Tag Archives: writing life

Reasonable Expectations

My to-do list tends to be insane. At times it’s grown to multiple two-column pages. That may be okay for long range planning or keeping track of little details, but when it’s multiple major projects it can lead to paralysis and a sense of failure because I never get it all done.

I’ve developed something that’s working better.

A couple months ago, I set up a spreadsheet to track the hours I spend on different writing activities. The first column has the categories: writing new material for blogs or promo; writing or revising stories, novels, etc.; research; routine business; new business; networking; critique groups and reading for them; marketing activities; and writing/editing for pay. I estimate how much time I’ll spend on each activity each day and the hours for each activity are totaled for the week. Then I’ll type in the estimate totals in a separate column and erase the daily estimates.

Each day I keep track of how I’m spending my time in a day planner, then enter those times into the chart and compare the actual time spent weekly with the estimates. This gives me a realistic view of how I’m spending my time and whether or not I’m maintaining an effective balance. I also can see when I’m pushing myself too hard or slacking off.

After the first week or two, I added two more columns—one to list what I plan to do in each area, and one to record what actually got done. The to-do list! Because I’d been keeping track of my time, I was able to come up with reasonable estimates for the time needed for similar activities and make this more reasonable.

One or two sixty hour weeks when a project’s near completion is reasonable (for me), but to maintain any kind of life balance, that level cannot be sustained. During the holidays, when family time expanded, the hours I expected myself to work on writing decreased. Since I know I do those sixty hour weeks, it was okay to have some short ones.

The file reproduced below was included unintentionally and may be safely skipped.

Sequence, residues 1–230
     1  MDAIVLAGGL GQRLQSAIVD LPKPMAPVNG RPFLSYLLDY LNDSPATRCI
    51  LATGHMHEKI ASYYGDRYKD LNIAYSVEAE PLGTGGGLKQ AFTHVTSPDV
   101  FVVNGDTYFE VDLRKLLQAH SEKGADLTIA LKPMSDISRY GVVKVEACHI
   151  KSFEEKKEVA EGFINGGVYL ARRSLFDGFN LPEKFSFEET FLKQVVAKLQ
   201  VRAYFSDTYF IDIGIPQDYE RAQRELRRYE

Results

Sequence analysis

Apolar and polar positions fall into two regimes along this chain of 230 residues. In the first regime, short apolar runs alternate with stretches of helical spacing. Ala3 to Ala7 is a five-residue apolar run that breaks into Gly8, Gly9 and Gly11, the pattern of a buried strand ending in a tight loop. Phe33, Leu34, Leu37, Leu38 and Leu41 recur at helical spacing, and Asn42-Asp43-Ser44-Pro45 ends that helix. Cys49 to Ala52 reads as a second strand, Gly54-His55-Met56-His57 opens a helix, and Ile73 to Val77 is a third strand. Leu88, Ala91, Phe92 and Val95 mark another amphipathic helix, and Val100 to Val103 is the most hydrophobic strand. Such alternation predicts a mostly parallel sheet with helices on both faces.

Thanks to this system, I’m getting closer to reasonable expectations for each week. My goal is to routinely complete everything planned in the time allotted each week and sometimes do a little more if time allows. Then I’ll feel competent consistently.

00A2011SheriCMYKwww.sherimcguinn.com
www.amazon.com/author/sherimcguinn

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Transition

A few weeks ago I completed my new novel and started pitching it to agents.

Logically, I should have gone straight to my non-fiction project that will tie into workshops. Or I could have focused on getting the marketing of my short stories and screenplays set up to run smoothly. Both of these projects are in process and could lead to more immediate income than a novel. But neither of them provides the same satisfaction as working on long fiction: creating characters and watching them evolve in unexpected ways, braiding together plot lines, and those “Yes!” moments when a phrase or scene is just right or critique illuminates a way to tell the story better.

Instead of being logical, I became depressed.

My files are full of ideas, but none of them was calling my name. I took different short stories and novel starts to different critique groups, to see which made people want to read more. Several did, so I still had to make a decision. I dithered, knowing it would be more practical to focus on the other projects before starting another novel, but missing the process unique to writing long fiction. Then I took ten pages to a drop-in critique. They only work on five pages there, but I intended to take the second five to another group later in the day. The faster readers read all ten pages and there was consensus that they wanted to keep reading.

I took it home, where I had the first twenty pages on the computer, and made revisions based on their critique, changing the starting point and several other minor corrections. I sent off pages to a critique group that pre-reads. I’m stoked! It’s YA speculative fiction, a contemporary setting with some parapsychological elements and that group not only gave me excellent feedback to improve the beginning, we discussed writing goals as well.

The next week and a half is going to be devoted to family. We’re doing Thankmas because one group’s moving across the country in December. (Thanksgiving Thursday, Christmas Friday.) But ideas will be simmering and once everyone’s gone home, I’ll be ready to crank out that first draft quickly.

I’ll still need to set aside time to focus on getting those practical projects set up and working, as well as pitching or publishing the just-finished novel and planning promotion and marketing for it. However, having a new work simmering energizes me and improves my focus, so that time spent on the practical will be more effective.

www.sherimcguinn.com
www.amazon.com/author/sherimcguinn

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